Tant que durera l’automne”: Text-music relationships in Correspondances by Henri Dutilleux

Troy Ducharme


The reputation of French composer Henri Dutilleux (1916-2013) rests primarily on his orchestral works, produced regularly throughout his mature career. By contrast, his output of vocal works reveals an interesting gap: having won the Prix de Rome in 1938 for his student cantata, L’anneau du Roi and composing small vocal works at intervals until approximately 1967, he would produce no more vocal music from this time until 1997. After a gap of 30 years, his last decade-and-a-half of compositional activity contained a disproportionate amount of vocal writing, beginning modestly with the incorporation of children’s voices in the primarily orchestral work, The Shadows of Time (1997), and continuing with two substantial works for soprano and orchestra: Correspondances (2003) and Le temps l’horloge (2007-2009).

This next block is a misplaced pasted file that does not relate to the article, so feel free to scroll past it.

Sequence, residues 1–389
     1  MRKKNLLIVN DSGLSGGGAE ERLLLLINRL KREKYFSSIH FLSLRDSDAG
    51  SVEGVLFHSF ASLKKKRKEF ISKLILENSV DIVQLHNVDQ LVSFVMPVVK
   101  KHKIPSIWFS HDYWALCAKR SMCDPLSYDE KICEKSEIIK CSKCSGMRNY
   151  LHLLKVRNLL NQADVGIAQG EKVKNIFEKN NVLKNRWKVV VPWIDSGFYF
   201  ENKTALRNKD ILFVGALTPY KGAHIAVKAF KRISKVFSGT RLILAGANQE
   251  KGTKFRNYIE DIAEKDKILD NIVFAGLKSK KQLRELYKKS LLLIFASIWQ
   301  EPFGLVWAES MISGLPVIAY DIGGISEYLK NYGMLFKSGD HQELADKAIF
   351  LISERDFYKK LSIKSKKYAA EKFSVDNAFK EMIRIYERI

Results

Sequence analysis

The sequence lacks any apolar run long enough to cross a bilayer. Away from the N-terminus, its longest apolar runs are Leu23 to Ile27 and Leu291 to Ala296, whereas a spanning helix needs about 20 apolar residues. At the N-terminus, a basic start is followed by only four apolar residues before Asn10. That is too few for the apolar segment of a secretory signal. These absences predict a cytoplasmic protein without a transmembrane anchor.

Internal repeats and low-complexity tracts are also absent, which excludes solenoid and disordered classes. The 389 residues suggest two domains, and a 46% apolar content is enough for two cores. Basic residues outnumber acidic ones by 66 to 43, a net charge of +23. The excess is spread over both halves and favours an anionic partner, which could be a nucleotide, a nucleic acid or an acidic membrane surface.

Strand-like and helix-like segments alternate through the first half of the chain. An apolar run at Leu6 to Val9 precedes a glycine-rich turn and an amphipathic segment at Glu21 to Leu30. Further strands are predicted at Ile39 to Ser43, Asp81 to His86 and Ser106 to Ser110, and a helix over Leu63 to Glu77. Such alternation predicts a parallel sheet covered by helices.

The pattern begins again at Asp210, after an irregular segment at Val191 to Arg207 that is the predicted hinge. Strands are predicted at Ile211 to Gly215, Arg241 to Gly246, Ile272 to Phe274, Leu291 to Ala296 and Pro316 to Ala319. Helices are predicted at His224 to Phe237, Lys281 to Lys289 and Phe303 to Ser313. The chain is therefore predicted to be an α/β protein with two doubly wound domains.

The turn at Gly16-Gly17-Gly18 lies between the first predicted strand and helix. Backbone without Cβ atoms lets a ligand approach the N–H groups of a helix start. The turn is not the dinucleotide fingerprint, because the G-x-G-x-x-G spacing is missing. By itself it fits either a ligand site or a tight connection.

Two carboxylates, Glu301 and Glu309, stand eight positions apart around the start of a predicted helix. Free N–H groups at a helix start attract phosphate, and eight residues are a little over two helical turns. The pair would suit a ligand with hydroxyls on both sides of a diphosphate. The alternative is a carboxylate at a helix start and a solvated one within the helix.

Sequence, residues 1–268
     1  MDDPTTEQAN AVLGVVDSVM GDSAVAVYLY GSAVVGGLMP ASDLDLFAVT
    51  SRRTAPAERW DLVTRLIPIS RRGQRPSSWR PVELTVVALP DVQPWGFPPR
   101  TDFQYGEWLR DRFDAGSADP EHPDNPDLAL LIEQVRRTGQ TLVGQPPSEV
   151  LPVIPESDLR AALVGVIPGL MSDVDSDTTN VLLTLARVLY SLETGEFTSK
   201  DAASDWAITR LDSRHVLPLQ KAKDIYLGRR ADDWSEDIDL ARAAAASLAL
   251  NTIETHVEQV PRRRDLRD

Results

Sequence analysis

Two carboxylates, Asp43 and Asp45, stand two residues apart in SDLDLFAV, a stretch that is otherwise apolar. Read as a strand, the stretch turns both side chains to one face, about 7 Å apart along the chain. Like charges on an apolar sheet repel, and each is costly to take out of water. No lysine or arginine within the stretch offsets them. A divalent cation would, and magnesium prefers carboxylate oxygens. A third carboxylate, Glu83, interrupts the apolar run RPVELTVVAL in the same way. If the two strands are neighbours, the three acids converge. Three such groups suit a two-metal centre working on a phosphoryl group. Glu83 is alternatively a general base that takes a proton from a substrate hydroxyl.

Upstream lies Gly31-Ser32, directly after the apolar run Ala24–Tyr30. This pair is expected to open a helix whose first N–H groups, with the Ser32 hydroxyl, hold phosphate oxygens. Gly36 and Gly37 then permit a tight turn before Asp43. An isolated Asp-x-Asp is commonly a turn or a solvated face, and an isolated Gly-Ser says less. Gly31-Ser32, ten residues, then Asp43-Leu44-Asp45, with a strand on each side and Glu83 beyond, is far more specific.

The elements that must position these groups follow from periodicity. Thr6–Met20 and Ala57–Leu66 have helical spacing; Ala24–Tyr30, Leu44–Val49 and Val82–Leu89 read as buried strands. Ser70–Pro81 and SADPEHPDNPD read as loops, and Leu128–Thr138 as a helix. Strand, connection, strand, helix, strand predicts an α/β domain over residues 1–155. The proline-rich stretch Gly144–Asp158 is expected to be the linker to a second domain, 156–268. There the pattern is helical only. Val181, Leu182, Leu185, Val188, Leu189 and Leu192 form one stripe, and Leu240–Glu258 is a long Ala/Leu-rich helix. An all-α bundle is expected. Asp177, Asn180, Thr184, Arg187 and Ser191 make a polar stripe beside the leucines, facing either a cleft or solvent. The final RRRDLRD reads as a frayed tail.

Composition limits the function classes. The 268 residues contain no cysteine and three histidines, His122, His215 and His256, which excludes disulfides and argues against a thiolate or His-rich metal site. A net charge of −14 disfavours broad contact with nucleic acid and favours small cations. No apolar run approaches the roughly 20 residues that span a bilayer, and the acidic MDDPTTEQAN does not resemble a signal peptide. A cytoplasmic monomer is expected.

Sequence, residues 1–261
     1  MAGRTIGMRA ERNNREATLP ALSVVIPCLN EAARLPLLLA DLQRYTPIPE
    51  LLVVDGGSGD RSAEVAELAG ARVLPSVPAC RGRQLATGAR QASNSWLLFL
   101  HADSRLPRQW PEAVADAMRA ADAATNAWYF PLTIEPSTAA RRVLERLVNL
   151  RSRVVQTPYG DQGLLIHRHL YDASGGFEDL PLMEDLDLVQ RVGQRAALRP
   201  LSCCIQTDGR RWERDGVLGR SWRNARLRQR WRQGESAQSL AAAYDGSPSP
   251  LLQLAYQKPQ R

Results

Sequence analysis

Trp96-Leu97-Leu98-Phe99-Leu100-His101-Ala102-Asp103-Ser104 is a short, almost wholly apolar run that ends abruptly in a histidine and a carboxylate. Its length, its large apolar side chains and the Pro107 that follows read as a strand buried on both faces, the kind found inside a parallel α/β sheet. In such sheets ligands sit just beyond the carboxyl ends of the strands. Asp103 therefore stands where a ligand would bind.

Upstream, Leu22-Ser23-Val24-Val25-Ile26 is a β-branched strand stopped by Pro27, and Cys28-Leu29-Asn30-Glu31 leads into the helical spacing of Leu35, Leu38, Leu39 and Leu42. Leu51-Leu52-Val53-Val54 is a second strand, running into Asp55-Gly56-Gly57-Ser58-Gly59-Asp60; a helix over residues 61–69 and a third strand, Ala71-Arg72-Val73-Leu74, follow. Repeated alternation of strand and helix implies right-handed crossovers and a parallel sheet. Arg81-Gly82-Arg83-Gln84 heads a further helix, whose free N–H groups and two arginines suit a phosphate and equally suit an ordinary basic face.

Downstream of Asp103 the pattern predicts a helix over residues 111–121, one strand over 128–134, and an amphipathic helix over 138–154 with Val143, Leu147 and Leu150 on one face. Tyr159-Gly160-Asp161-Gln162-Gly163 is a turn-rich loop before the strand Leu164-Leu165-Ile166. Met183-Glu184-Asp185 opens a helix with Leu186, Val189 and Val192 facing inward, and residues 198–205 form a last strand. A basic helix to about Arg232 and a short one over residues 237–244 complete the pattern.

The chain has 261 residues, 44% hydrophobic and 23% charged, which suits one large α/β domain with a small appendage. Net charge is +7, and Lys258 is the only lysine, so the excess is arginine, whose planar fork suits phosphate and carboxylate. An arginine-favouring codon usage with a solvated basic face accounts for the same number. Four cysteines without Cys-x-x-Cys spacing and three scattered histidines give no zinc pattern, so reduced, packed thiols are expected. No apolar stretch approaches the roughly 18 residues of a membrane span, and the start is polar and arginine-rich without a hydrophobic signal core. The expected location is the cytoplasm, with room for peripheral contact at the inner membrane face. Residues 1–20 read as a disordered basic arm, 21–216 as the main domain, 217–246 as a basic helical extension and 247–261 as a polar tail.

This study looks at elements of voice-leading, harmony, motive and musical structure in Correspondances, with specific concern for how these inform and are informed by the texts. For example, the first movement begins with a chord built out of a cycle of perfect fifths/fourths and comprising a 1#-diatonic collection, perhaps representing the gong of the title. The vocal line is
initially limited to the pitches D, E and F#, present in the double bass harmonics of the first chord. But as the text suggests the possibility of a sound which is not measurable by the ear, so the melodic line stretches, at the word ‘mesurable,’ to G#, transcending the initial harmonic context and establishing a new one: the whole-tone collection implied by the first four vocal pitch-classes will control the remainder of the vocal line in this movement and determine many elements of the harmonic progression, including extensions and transpositions of the initial interval-cycle. Similar processes will be explored in the other movements, as well as textual and musical connections among movements, with the goal of exposing elements of style and technique in the late works of Dutilleux and musical meanings within this important late work.

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